Friday, August 16, 2013

A visit with Dr Mackenzie

Last month, we went to the US and Canada. The main reason for this trip was to see my brother get married (both of our girls were flower girls :) ). While we were there, we wanted to take the opportunity to visit Dr Mackenzie at Alfred duPont Hospital in Wilmington Delaware.

Dr Mackenzie is somewhat of a celebrity amongst the dwarfism community. He has the most experience maybe out of any orthopedic surgeon in North America when it comes to dwarfism in general, and more specifically Diastrophic dysplasia. We wanted to take Maddy's x-rays and MRI's to him so that he could consult with our doctors in Hong Kong and ultimately get the best medical care for Maddy here.

We had high expectations from this appointment and were not disappointed. The hospital itself is gorgeous, with a large outdoor playground. While we were waiting to see Dr Mackenzie, the kids were entertained by a large model train set. After the appointment, in the waiting area, we were surprised to find a hands-on reptile show which the girls loved. Also we were very happy to meet two families I've known online for some time - Ian (who also has DD) and his mother Ren (who I blogged about here - although unfortunately the video is no longer available online :( ), and also Sonia and her mother Melissa (I emailed Melissa when I was pregnant with Maddy! Sonia has Osteogenesis Imperfecta, or "Brittle bone disease").

The staff were all warm and friendly, and Dr Mackenzie himself was amazing.There were two main things that Dr Mackenzie would change about the way we manage Maddy's orthopedic issues.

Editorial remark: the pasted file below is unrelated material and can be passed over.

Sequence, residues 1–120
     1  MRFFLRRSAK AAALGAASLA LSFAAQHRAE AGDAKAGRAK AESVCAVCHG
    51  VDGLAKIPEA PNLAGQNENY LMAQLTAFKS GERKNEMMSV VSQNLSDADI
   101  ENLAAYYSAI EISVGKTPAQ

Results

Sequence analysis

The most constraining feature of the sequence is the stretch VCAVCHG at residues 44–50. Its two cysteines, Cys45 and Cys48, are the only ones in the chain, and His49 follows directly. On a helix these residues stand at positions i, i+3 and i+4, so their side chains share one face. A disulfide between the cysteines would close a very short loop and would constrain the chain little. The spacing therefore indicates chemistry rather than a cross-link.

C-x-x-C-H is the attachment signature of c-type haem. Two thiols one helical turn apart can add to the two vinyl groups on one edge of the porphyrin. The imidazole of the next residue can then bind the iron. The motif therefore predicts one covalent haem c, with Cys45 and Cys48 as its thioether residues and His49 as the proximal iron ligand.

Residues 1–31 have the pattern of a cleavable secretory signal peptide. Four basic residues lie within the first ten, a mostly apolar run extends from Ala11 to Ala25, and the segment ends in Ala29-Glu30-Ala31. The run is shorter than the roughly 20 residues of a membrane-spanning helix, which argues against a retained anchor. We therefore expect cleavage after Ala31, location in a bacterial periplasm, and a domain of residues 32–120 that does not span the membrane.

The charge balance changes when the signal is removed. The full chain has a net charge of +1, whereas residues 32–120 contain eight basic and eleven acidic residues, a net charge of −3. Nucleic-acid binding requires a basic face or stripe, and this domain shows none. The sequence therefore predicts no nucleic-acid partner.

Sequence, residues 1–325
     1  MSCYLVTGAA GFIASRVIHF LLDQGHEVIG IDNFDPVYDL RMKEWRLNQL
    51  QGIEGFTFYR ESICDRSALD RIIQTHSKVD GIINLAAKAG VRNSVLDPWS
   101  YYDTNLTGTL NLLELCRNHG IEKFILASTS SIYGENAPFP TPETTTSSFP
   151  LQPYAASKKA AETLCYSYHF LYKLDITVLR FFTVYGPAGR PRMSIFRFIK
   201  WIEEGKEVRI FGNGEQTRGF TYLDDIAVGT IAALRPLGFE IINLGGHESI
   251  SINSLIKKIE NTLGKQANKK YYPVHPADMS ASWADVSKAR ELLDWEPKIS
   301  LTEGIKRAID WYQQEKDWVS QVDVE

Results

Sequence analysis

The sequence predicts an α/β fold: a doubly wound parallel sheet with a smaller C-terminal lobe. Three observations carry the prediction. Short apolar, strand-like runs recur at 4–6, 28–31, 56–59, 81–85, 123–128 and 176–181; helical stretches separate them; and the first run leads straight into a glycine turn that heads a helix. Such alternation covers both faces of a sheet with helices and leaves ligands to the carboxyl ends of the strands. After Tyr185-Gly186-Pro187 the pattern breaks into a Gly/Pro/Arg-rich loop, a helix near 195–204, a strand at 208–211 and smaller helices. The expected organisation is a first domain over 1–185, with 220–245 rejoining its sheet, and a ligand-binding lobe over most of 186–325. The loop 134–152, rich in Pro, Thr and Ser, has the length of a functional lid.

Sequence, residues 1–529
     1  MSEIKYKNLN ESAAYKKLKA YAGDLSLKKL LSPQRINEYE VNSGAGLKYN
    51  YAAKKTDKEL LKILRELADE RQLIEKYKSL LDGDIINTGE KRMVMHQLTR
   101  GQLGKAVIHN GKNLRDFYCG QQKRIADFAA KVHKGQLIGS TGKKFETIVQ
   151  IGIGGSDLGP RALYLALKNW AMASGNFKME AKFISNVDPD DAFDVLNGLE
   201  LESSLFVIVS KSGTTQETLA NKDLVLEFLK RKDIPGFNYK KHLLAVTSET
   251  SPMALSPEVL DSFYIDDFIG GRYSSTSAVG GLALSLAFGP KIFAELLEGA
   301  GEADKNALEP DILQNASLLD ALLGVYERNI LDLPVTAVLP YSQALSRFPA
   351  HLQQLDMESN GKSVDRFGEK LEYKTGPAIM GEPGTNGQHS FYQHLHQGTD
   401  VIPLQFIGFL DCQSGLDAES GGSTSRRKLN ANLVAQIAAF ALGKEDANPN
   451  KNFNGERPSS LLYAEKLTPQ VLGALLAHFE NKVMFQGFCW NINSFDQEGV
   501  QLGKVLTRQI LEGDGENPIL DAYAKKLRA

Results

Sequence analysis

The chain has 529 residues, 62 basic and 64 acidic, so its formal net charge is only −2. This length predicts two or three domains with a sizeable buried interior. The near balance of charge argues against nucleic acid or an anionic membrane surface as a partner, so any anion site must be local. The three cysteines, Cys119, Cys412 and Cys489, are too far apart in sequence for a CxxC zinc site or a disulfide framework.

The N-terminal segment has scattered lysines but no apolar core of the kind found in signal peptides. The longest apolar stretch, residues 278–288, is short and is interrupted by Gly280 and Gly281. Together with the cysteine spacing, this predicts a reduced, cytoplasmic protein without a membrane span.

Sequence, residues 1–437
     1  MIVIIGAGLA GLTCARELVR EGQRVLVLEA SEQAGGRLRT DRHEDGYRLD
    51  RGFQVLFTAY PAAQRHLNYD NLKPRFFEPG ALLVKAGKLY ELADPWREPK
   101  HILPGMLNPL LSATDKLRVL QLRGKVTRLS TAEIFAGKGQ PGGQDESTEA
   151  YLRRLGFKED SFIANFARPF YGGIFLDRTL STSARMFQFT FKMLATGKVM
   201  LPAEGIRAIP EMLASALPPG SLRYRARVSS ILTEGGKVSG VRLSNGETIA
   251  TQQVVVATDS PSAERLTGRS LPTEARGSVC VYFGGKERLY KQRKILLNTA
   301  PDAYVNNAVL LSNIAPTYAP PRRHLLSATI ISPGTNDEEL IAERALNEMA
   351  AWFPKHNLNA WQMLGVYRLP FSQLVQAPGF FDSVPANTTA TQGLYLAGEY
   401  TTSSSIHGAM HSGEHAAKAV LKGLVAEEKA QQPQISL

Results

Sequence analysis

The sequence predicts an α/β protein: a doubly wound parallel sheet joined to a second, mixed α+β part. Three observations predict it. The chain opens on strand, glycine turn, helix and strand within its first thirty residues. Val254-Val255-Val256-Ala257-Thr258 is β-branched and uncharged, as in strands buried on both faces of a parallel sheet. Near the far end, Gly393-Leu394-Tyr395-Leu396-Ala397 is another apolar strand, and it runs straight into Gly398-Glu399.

Of greatest concern is Maddy's spine. Her kyphoscoliosis is significant and she will inevitably need spinal surgery to correct it. In the mean time, Dr Mackenzie recommended that we start casting and bracing for her spine - this would hopefully delay the need for surgery and could make surgery easier when the time comes. It will, however, be hot and uncomfortable to deal with on a daily basis!

Secondly, Dr Mackenzie was concerned that Maddy's ankles did not have enough support. She currently is using an orthotic insole to try and support her ankles, but Dr Mackenzie feels she would benefit from orthotics which cover the ankles as well. Again, I'm sure this will be a difficult change and will be uncomfortable for Maddy.

We have an appointment next week to discuss these thoughts with our orthopedic surgeon here in Hong Kong. Hopefully he and Dr Mackenzie will liaise with each other. While I know that these changes may be difficult to manage, I also know that if the long-term benefits are significant, it is the best thing to do. The aim always is for long-term mobility rather than short-term comfort!

Finally, some pictures from the hospital playground:

(and I'm still kicking myself that we got no pictures of Maddy with Ian!)


  1. Hi, found you through Miggy. I'm a pediatric PT and wanted to say that appropriate orthotics should NOT cause any discomfort for Maddy! In fact, they should reduce some discomfort for her, both in giving extra support, and in aligning her foot and ankle better. They should be an unequivocal good thing. I have zero experience in Hong Kong so I can't guarantee this, but if her orthotics cause pain, take them back--they shouldn't!!! She might not be thrilled about them right out of the gate because they are different, and her standing and walking will feel different, and because three year olds aren't exactly known for their acquiescence to new things ;), but I think she'll come around. :) Liz the PT

    1. Hi there Liz. Thanks for your comment and sorry for my slow response! I know what you mean about them not causing discomfort - but having used a Pavlik harness and AFOs in the past, I know that things which restrict movement can be frustrating for Maddy. I know that they will be beneficial and may even be necessary, and will not cause her pain - but I also know there will be a bit of time to get used to it, particularly if it happens in the hot Hong Kong summer!! Fingers crossed though, she will adjust quickly.